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Residents’ Ballot – Hindrance or Help?

Residents’ Ballot – Hindrance or Help?

Clare Catherall 27 Mar 2023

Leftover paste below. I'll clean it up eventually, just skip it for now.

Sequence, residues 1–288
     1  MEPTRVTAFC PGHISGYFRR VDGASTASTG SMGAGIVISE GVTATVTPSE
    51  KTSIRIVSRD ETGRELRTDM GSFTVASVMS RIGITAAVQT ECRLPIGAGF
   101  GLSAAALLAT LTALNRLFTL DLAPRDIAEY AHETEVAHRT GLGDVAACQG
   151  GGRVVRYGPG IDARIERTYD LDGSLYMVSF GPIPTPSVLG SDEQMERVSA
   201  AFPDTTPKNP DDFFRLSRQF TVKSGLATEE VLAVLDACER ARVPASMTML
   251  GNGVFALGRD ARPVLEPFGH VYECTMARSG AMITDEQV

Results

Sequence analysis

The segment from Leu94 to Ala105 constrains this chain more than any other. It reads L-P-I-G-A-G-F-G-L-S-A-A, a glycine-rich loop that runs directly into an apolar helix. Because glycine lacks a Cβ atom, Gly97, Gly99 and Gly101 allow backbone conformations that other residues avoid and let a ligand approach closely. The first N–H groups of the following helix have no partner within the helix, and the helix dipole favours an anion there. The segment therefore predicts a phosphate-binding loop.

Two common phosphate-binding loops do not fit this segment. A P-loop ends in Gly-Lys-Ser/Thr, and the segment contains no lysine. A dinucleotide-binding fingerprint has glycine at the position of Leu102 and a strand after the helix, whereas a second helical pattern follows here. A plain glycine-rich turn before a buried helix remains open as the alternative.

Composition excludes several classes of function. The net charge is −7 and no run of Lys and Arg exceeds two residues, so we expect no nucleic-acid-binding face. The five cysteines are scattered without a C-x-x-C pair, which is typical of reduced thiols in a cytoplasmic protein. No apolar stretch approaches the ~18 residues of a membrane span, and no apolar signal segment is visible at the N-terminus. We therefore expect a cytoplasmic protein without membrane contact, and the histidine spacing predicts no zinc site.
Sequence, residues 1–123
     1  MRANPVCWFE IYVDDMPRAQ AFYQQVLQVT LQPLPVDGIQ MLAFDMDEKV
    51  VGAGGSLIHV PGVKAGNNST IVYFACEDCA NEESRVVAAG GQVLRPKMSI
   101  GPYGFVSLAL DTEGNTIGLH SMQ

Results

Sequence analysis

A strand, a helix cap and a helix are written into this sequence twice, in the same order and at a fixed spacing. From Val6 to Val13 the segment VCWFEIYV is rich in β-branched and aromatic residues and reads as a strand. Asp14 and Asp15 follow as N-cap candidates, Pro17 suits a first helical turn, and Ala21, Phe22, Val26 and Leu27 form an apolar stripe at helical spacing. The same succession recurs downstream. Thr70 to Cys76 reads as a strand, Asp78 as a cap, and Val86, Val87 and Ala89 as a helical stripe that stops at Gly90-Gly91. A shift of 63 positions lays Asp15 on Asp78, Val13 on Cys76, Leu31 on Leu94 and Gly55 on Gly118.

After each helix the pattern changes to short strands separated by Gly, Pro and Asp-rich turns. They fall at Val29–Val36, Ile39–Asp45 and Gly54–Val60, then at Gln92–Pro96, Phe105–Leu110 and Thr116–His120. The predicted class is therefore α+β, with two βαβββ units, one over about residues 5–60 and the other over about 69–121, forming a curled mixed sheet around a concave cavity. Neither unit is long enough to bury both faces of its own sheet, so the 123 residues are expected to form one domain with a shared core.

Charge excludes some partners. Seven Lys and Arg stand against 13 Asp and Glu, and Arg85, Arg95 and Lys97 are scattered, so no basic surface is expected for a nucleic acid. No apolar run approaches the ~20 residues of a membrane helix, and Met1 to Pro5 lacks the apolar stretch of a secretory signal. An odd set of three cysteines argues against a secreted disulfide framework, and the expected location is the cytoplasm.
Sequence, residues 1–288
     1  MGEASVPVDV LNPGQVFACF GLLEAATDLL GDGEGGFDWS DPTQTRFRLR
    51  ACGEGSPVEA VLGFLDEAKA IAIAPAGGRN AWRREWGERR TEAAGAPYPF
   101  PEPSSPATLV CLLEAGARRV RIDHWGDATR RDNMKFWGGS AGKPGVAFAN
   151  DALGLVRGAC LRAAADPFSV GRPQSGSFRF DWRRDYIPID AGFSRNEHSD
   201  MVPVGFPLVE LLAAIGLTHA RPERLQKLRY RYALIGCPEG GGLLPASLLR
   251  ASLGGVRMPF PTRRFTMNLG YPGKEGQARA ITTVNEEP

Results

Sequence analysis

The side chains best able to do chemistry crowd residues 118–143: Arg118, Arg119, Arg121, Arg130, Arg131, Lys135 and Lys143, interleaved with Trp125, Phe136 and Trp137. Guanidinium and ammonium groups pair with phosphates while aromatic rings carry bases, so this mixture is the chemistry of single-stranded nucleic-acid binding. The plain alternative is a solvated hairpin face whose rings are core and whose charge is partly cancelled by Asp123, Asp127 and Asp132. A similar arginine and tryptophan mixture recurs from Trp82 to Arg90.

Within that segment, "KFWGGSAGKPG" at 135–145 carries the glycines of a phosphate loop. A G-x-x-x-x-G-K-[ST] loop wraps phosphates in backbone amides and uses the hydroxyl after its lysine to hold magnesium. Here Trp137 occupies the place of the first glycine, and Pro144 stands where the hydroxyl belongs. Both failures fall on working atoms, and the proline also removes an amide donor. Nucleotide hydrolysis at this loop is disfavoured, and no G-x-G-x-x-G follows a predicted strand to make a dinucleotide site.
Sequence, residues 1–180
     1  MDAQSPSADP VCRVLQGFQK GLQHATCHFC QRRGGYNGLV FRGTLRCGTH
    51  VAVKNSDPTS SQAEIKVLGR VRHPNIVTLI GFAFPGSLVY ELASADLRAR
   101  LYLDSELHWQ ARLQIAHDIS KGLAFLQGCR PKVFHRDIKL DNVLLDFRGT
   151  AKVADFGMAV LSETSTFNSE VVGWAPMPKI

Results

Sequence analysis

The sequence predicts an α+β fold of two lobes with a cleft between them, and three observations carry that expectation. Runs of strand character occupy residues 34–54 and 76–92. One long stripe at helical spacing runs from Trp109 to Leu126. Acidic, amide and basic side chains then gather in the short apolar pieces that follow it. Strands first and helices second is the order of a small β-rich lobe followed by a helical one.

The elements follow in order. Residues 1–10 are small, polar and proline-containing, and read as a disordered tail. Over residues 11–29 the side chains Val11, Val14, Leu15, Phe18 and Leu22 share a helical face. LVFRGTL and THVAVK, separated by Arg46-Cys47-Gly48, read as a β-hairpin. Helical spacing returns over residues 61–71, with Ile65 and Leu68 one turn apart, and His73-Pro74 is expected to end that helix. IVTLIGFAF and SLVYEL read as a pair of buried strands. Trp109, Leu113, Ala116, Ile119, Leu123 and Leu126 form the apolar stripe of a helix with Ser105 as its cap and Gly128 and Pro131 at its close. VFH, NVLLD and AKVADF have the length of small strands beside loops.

A unique aspect of estate regeneration projects is the potential requirement for a residents’ ballot to demonstrate support for the proposals being put forward on an estate. This requirement places residents at the heart of any project, giving them the opportunity to fundamentally support or object to regeneration proposals, in a clear yes/no vote. For good reason, the Mayor of London is keen for residents to have a clear say in what happens on the estates where they live to ensure they are an integral part of the process. In reality, the Mayor has limited planning powers to enforce best practice on estate regeneration projects. Controlling access to GLA funding is one of the only ways he can exert power. It is now over four years since the requirement for a residents’ ballot became mandatory for any development in London involving the demolition of social housing and construction of more than 150 homes (of any tenure) which is subject to GLA capital funding. To date, the requirement for a residents’ ballot has applied to a relatively small number of the estates currently coming forward for redevelopment.  As of November 2022 (the latest data available from the GLA), 21 estates regeneration projects which were subject to GLA funding, had registered a successful positive ballot outcome and 51 projects had sought an exemption. The latter figure reflects the long-term nature of these types of projects with planning permission often granted prior to the ballot requirement being in place. We are aware of numerous other schemes, which were not subject to funding restrictions, but where landlords have elected to undertake a residents’ ballot without being required, although there is no centralised record of these balloted schemes. We believe that voluntary ballots are becoming more commonplace as Registered Providers, Councils and development partners are recognising their prospective value. The ballot requirement is likely to apply to other emerging projects in receipt of the Affordable Homes Programme funding. Many of the new homes covered by this funding are likely to be provided on housing estates, which, as identified in our Great Estates Insight, offer an unparalleled opportunity to help tackle the capital’s acute housing crisis, whilst delivering better homes, enhancing neighbourhoods and improving lives. Despite recent changes to the grant funding regime to exclude funding for the reprovision of existing homes (trigging a recent flurry of activity to implement permissions by April 2023) and growing viability challenges, this sector still represents a significant opportunity to deliver the homes needed in London. The residents’ ballot has in the past been an area of disagreement between the Mayor and Government. At one point the Government openly criticised the ‘onerous conditions’ imposed by the Mayor on estate regeneration, particularly the need to run a residents’ ballot, and suggested that these requirements will jeopardise housing delivery. Others have criticised the extensive design work and engagement to be undertaken prior to the ballot process, often at risk before there is certainty on the level of support for the changes. This work can be time consuming and requires significant investment to ensure success.  Most recently, Siân Berry, Green Party Member of the London Assembly, called for reform of the process, suggesting there is failure to ensure residents are having a say in a fair and democratic way. Notwithstanding this, the underlying purpose of the residents’ ballot is to foster positive and inclusive engagement on developments which perhaps have the greatest direct effect on people’s lives. Many Councils and RPs are committed to running ballots on regeneration schemes, almost all ballots to-date have been overwhelmingly positive and the frequency and scale of estate renewal projects in London continues to grow. Lichfields’ view is that the Mayor’s approach to estate regeneration and the ballot process provide clarity and support for well-conceived development at London’s estates. This has certainly been our experience at Barnsbury where an overwhelmingly positive ballot outcome of 73% voting in favour of regeneration was achieved in August 2021. The ballot underpinned a constructive process of engagement with Islington and the GLA and ongoing resident consultation, prior to securing planning permission in early 2023. The emphasis on collaboration and inclusion, and the introduction of the ballot provides a mandate for regeneration and the Mayor’s approach allows these often sensitive and charged developments to be progressed in a manner that is acceptable both politically and to communities. For a ballot to be successful, it must be integrated as part of an open and inclusive engagement strategy, in which residents are consulted multiple times throughout the project. This background work is necessary to ensure that by the time the ballot is approached there is a groundswell of support for the proposals. Lichfields’ research found that a successful ballot outcome carries significant weight throughout a project, illustrating transparency in the engagement process and providing clear and unambiguous evidence to Planning Officers and Councillors of residents’ support for estate regeneration. In this context, we outline below a few of the key principles to consider when preparing for a residents’ ballot.   Residents ballot - key principles Eligible Residents: Any resident over 16 living on the estate for over a year is eligible to vote.  Defining the ‘Estate’: The ballot should be estate-wide, not limited to the immediate area of development or the homes being demolished. There can however be challenges applying this principle to very large estates where only a small amount of development is taking place. The GLA has in our experience taken a pragmatic view in agreeing a suitable area to be balloted. However, it can be an area of contention and further guidance has been published, advising on how an estate boundary can be defined. This guidance makes it clear that where there is uncertainty as to what constitutes the estate boundary it is incumbent upon the Investment Partners (RP/Council/JV partner etc.) to propose a boundary with a clear rationale and a number of pertinent considerations are listed - such as residents’ conceptions of what constitutes their estate, the typology and /or age of buildings and geographical boundaries such as road or train lines etc.  Landlord’s offer: This is the proposition residents vote on in the ballot. It must include at least a minimal level of information (objectives; design principles; approx. quantum of new homes and tenure mix; decant and phasing strategy; and commitments to ongoing consultation). In our experience though, more information and effective communication maximises the prospect of a positive outcome.  Timing: There is no procedural link between the timing of the ballot and the planning process, but there are clear reciprocal benefits in aligning the two. In Lichfields’ view, the ballot should be run when pre-application discussions are at a sufficiently advanced stage, the scheme is being crystallised and in-principle support has been secured from Officers. An earlier ballot has less chance of success or might result in abortive work if a development is amended later (and the GLA can reclaim funding if a planning permission materially deviates from the Landlord’s Offer).  Majority required: the ballot must offer a ‘yes/no’ vote on the Landlord’s Offer and a simple majority is required to pass the vote, though a large majority demonstrates unambiguous support and clearly carries more weight with planning officers and decision takers. There is no minimum threshold for turnout.  Repetition: There is no limit on the number of ballots that can be held and a revised Landlord Offer can be put to residents in the event of a ‘no’ vote or if revisions are required. This gives some comfort and flexibility, but the aim should clearly be to secure a ‘yes’ vote first time around. Further guidance on the residents’ ballot and other themes associated with estate regeneration can be found in Lichfields’ Great Estates Insight.   Image credit: Edmond Dantès via Pexels